BIG BUCKS: Stan Gscheidle has been farming for over 60 years and got he's best price on record at the Murgon Cattle Sale on Tuesday.
BIG BUCKS: Stan Gscheidle has been farming for over 60 years and got he's best price on record at the Murgon Cattle Sale on Tuesday. Michael Nolan

Pay day 60-year high for cattle producer

WHEN the hammer fell following the sale of Stan Gscheidle's pen of simmental cross steers, he walked away a happy man.

He had sold a 13 head for 3.58c/kg totalling just over $1400 per head.

It was the best price he'd received in more than 60 years farming cattle.

"I've never got up that high before," Stan said.

Like many producers Stan is riding a sustained wave of high prices.

"I've sold 24 all up, 13 steers, one cow, nine heifers and one little bully fella," Stan said.

The micky bull would have rolled in with the steers but had some difficulty finding its family jewels.

"When I tried to do him with the burdizzos I couldn't find any, he dropped one but he hasn't dropped it right down, it's on the side."

That micky bull sold for just over $1180.

Stan runs a 133 hectare property at Woorroonden, between Cloyna and Hivesville and he's been on the property since he moved to the district.

"I came up here in '63 I think it was," Stan said.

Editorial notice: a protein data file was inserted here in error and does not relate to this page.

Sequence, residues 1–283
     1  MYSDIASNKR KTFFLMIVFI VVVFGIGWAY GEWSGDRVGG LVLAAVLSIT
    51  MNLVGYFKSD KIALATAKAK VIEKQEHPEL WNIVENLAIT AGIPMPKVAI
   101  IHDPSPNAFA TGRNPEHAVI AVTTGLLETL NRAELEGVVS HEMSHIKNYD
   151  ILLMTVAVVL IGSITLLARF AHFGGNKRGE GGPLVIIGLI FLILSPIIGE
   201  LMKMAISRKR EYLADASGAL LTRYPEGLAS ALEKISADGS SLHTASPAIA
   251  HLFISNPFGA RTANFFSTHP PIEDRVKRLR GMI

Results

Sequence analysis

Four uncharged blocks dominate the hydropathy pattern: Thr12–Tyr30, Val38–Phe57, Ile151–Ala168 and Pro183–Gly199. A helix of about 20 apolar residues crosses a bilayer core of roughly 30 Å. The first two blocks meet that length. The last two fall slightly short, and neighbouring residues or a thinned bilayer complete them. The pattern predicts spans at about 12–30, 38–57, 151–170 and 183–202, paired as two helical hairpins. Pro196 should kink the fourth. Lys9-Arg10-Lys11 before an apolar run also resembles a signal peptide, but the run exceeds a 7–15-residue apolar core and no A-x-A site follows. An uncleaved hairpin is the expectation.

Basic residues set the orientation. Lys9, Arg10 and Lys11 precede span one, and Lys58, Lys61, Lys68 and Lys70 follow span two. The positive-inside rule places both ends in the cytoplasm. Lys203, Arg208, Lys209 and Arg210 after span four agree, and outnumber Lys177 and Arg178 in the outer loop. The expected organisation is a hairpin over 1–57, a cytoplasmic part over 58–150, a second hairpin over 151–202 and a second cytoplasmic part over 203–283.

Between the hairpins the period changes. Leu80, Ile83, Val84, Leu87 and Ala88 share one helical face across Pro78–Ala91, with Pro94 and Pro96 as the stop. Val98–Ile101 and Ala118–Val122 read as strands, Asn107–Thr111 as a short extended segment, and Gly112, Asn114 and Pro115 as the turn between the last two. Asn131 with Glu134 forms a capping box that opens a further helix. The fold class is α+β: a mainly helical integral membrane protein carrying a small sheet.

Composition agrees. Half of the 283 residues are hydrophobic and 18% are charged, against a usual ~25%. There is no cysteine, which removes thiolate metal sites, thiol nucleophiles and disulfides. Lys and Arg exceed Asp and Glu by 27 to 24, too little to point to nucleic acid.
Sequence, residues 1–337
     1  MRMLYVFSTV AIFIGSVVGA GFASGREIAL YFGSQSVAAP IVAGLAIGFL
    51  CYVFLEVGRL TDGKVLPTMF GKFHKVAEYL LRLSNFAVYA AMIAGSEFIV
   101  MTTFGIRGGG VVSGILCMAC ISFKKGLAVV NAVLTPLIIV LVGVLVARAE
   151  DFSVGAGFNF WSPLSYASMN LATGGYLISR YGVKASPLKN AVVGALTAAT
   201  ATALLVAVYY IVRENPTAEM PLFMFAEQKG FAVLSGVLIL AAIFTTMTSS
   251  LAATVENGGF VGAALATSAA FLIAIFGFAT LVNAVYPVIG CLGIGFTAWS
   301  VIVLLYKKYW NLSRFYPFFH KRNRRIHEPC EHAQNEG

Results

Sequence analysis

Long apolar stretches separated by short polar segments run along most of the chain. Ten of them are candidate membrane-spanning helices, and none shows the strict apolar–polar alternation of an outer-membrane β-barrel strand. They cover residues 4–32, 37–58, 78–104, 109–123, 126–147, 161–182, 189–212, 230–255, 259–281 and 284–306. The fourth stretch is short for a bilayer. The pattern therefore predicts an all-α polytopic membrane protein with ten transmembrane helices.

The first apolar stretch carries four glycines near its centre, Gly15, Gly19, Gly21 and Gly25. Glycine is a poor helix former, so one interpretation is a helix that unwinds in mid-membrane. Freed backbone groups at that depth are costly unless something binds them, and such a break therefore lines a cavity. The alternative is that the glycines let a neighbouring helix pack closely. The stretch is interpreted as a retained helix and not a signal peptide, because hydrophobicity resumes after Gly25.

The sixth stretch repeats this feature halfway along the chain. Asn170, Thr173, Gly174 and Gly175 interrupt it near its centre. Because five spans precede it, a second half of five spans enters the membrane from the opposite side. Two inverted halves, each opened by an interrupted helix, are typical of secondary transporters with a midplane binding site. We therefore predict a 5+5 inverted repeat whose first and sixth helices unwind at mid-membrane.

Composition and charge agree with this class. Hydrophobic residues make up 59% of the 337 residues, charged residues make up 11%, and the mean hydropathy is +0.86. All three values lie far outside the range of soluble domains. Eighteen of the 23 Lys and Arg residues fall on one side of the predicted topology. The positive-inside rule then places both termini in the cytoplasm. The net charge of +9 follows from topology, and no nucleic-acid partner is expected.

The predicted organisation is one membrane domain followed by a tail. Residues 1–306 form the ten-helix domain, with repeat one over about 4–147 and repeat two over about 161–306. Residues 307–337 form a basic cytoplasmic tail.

"I used to work in a butter factory at Crows Nest.

"I started off with a cream run, things went wrong with the factory and the boss wanted to know if I'd work after bought the cream in and then I got in there permanently."

Matt Dalgleish is a beef market analyst with Mecardo and he reckons the good prices should carry through until at least the beginning of the 2018 season.

"In the last few weeks Queensland generally has seen a lift in prices," Mr Dalgleish said.

While the start the year has been dry and hot, Mr Dalgleish said there's enough optimism around to prop up the store cattle market.

"Because we did have a good rain last year, and with such tight supply, we are not at the stage were people are concerned about about drought," Mr Dalgleish said.

"The memory of that is there... but for it to make an impact we'd have to see a much more sustained dry spell."

Eventually all this restocking will end with a losing of supply.

A dry spell will inevitably hit in the next few years, and the prices will come down.

But Mr Dalgleish said that was still a while off.

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